Revision history for this message
Jeff Lane (bladernr) wrote :

Yeah, that would have triggered the bug since the live USB would be mounted read-only.

I actually tested this initially using my stick mentioned above with one of the partitions remounted read-only, so I had one mounted read-write, one read-only and one read-write but no read permissions for non-root users, and the bug appeared on both.

Revision history for this message
Brendan Donegan (brendan-donegan) wrote :

Jeff,

Have you tried using the 'DeviceIsReadOnly' property of org.freedesktop.UDisks.Device? That might be a straightforward way of telling if a partition is read-only.

Revision history for this message
Jeff Lane (bladernr) wrote : Re: [Bug 912522] Re: usb_test fails on non-writable filesystems

On 01/21/2012 12:53 PM, Brendan Donegan wrote:
> Jeff,
>
> Have you tried using the 'DeviceIsReadOnly' property of
> org.freedesktop.UDisks.Device? That might be a straightforward way of
> telling if a partition is read-only.
>

Was looking at that the other day, but haven't tried it just yet...

That could fix the problem when a partition is specifically mounted
read-only (as in when running from a live image) but doesn't address the
weird default behaviour where a mount point is only readable by root by
default...

it's certainly something worth looking at more closely though.

--
Jeff Lane - Hardware Certification Engineer and Test Tools Developer
Ubuntu Ham: W4KDH
Freenode IRC: bladernr or bladernr_
gpg: 1024D/3A14B2DD 8C88 B076 0DD7 B404 1417 C466 4ABD 3635 3A14 B2DD

Daniel Manrique (roadmr)
Changed in checkbox (Ubuntu):
status: Triaged → Fix Committed
Marc Tardif (cr3)
Changed in checkbox:
status: Fix Committed → Fix Released
Revision history for this message
Launchpad Janitor (janitor) wrote :
Download full text (4.4 KiB)

This bug was fixed in the package checkbox - 0.13.1

---------------
checkbox (0.13.1) precise; urgency=low

  New upstream release (LP: #925090):

  [Brendan Donegan]
  * Fixed the cpu_topology script so that it doesn't mistake the word
    'processor' in the value of another field for the field 'processor'
    (LP: #882161)
  * Added create_connection script and jobs to automatically create/test a
    wireless network connection.
  * Updated wireless job dependencies.
  * Add wireless performance data collecting tests.
  * Changed is_laptop test to a shell test and implemented a check_is_laptop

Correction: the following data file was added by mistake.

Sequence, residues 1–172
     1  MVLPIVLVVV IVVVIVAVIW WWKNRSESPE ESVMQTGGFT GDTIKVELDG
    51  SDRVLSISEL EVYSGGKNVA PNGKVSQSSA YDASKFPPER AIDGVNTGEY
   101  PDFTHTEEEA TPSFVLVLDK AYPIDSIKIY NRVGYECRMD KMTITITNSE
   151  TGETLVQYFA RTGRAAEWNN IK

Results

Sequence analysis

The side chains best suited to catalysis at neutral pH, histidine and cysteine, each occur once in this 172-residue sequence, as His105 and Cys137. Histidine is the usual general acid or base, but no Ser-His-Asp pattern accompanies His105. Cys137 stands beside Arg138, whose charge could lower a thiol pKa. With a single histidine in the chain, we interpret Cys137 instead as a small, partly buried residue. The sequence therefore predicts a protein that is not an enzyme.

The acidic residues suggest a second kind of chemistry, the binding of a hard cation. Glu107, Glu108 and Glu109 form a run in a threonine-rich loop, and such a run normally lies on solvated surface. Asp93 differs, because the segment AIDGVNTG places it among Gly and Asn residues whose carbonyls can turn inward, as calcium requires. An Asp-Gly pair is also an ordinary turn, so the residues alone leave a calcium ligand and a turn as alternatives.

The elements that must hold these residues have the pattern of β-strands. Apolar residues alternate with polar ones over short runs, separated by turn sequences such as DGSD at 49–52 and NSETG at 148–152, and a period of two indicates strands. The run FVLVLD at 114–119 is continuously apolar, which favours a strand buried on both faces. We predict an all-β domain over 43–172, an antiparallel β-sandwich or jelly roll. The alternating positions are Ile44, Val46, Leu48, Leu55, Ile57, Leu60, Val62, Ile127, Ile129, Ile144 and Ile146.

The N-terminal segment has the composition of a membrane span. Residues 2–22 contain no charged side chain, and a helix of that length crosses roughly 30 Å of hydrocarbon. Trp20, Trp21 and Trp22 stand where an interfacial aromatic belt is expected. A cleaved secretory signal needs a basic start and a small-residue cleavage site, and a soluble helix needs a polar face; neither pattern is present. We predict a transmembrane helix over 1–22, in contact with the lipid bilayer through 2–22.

script to check automatically for a systems 'laptopness' (LP: #886668)
  * Fixed connect_wireless script which continued failing to correctly
    identify wireless connections.
  * Don't fail the sleep_test if the wake alarm is still set (LP: #911161)
  * Add requirement for mem sleep state to be supported to the
    suspend_advanced_auto job (LP: #804190)
  * Fixed the camera/display test and removed the camera/video one.
  * Added display resource and matching requirements to external video
    output tests.
  * Added removable_storage_watcher script to replace watch_command to make
    testing USB, FireWire and MMC devices easier and more cohesive.
  * Added memory_compare script to automate the memory/info job
  * Switch audio settings to correct device before running audio tests
    (LP: #916859)
  * Nixed graphics/xorg-version-output job and updated other job dependencies,
    since it is redundant with graphics/xorg-version. (LP: #671144)

  [Gabor Kelemen]
  * Fixed last two remaining strings with backslashes (LP: #868571)
  * Fix misplaced parentheses, so translation can work (LP: #904876)

  [Marc Tardif]
  * Refactored install scripts to be agnostic of variant name:
    install/postinst, install/config and debian/*.postinst.
  * Using title defined in user_interface plugin in GTK interface.
  * Updated default.whitelist to reflect renamed jobs.
  * Removed files with non-printable characters from submission.xml.
  * Fixed parser for submission files with empty question comments
    and context info (LP: #912546)
  * Added support for skipping tests when the depends don't pass
    (LP: #509598)
  * Removed extraneous code from the sleep_test.
  * Refactored logic to check for network after suspend.
  * Removed deprecated hwtest package.
  * cpu_offlining was incorrectly using return instead of exit.

  [Daniel Manrique]
  * Update control files under debian/ to eliminate (most) lintian warnings
    (LP: #352986)
  * Environment variables specified with environ: in a job description will be
    passed to the backend for it to add to its environment. (LP: #897889)
  * Handle malformed LANGUAGE environment variable values (LP: #912946)
  * Added interactive media_keys_test script.
  * Make creation of wireless connection files more robust (LP: #923836)
  * Recommend gstreamer-gconf to enable media tests on kubuntu (LP: #898641)
  * Add bluetooth device requirement to obex jobs (LP: #921128)
  * Add a plugin conf variable for the welcome string (shown on the first
    screen when checkbox runs), so it can be changed without much effort.
  *...

Read more...

Changed in checkbox (Ubuntu):
status: Fix Committed → Fix Released